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Club scene What do students do when they’re not in class or holed up in the library?
Inspiring young artists Tang Museum workshops engage the minds and hands of local kids
Housing plan New digs for students will offer perks to compete with off-campus living


Photos by Gary Gold

Skiddies have been banding together for sports and hobbies ever since 1903. Today’s student organizations (a recent count totaled 101) range from the venerable Sonneteers, with its roots in Skidmore’s earliest singing traditions, to the brand-new men’s cycling club, which made its debut last year by upsetting several top college teams in the Boston Bean Pot race.


Founded just last year, and with twenty-five current members, Skidmore’s debate team jumped immediately into varsity competition, often against Ivy League squads. At a recent weekend-long multicollege tournament at Vassar, the Skidmore club finished second in the novice division, and club president Matt Cronin took fourth place overall for speaking skills.

“The competition is intense,” says Cronin. “It forces you to be fast on your feet, even beyond what you think you’re capable of doing.” Danny Shatz agrees that’s the best part, and the hardest part, of debating: “the rush I feel from having to come up with a really good argument on the spot. Generating brilliant ideas on the fly is certainly not easy, but when you succeed, it feels wonderful.” Shatz also finds debating a good way “for students who aren’t willing to physically drain themselves (as they would in a varsity sport) to compete and bond as a team.” Alex Hanson adds: “It’s fun because it’s an exchange of ideas in a competitive setting, but when the debate is over, everyone is still friends.” —SR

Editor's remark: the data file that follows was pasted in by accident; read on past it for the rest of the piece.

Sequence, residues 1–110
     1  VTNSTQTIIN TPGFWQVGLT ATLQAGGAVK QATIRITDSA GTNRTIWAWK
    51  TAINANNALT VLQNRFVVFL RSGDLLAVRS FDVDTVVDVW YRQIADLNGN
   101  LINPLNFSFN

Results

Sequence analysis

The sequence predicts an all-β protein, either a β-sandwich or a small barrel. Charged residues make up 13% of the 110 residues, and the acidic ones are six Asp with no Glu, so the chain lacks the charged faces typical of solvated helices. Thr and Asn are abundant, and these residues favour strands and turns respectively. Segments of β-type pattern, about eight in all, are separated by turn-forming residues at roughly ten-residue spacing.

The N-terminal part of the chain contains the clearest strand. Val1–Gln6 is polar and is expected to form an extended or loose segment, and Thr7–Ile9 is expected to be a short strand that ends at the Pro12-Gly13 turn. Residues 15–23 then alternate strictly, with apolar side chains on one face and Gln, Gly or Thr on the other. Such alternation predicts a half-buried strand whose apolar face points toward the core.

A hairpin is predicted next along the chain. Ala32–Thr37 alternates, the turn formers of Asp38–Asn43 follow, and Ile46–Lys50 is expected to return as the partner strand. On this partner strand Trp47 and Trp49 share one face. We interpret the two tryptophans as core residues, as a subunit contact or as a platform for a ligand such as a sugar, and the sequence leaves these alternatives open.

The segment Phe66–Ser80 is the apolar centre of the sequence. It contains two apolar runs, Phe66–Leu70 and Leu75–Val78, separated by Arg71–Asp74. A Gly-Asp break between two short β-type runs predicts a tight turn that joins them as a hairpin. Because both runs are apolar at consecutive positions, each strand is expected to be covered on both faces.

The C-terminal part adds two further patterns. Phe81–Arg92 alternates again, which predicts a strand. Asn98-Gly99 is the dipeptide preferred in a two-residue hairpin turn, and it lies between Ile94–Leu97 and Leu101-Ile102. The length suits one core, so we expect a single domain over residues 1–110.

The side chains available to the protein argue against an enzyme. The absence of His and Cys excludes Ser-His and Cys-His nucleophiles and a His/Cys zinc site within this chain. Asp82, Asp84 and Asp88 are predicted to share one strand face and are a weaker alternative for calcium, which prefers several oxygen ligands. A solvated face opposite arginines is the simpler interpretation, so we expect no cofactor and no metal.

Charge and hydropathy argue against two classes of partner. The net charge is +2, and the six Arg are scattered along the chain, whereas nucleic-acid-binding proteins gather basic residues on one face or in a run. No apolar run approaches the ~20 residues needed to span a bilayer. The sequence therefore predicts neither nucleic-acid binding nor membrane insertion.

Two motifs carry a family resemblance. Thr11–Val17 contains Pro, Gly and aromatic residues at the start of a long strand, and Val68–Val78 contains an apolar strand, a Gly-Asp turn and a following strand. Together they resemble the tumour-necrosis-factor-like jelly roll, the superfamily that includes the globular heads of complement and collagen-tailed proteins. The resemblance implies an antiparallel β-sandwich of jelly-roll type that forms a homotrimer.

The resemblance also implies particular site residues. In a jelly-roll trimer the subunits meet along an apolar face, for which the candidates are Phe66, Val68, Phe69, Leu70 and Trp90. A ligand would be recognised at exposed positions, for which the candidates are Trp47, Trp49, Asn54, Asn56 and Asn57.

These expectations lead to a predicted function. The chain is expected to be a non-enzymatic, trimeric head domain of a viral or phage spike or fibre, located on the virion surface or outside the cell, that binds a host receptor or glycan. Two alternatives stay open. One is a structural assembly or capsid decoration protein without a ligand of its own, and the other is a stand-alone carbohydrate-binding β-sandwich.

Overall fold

The seven residents of the Scribner Village Organic House, founded about three years ago, belong to Skidmore’s Natural Food Co-op, which includes a bulk buying club. Once a month they invite the campus community to enjoy an organic dinner they’ve prepared (turnout is typically forty-plus). “The house is a family,” says Frances Mitchell. “We each do our part to educate the Skidmore community about buying and eating organic”—with sometimes mind-boggling results: “Last year we dried and sold organic fruit, but the demand grossly outdistanced our capacity,” says Liz Brier-Rosenfield.

Alex Smith grew up on an organic farm but admits she lived on “Ramen noodles and Easy Mac” her freshman year. “Pretty unhealthy.” But her Scribner housemates keep the kitchen stocked with more substantive staples: “brown rice, rice noodles, peppers, onions, garlic, and hot sauce.” They often cook together, which Smith deems “a win-win situation—it’s a bonding experience and you satisfy your tastebuds in the process.” Adds vegetarian Jason Hou: “I like to eat right. As Albert Einstein said, •Nothing will benefit human health and increase chances for survival of life on Earth as much as the evolution to a vegetarian diet.’” —MTS


Although “Wombats” never stuck as a varsity team name, the Ultimate Frisbee players embraced it—and made it a proud Skidmore tradition. The Wombats began back in 1980 and today have about twenty members who practice and compete regularly. Last fall, they won all four games in a series against the likes of Binghamton and Colgate.

Each year they host two tournaments that often include fifteen or twenty die-hard Wombat alumni. “Some of them plan their annual vacation around the alumni games,” says John Byers, the club’s president. “When I first saw how many alumni came back to play and have fun with the team, I realized what a huge impact this team has had and continues to have on its members.” Those reunions also keep alive another proud tradition: coed naked Frisbee, eagerly indulged in for the final point of each alumni game.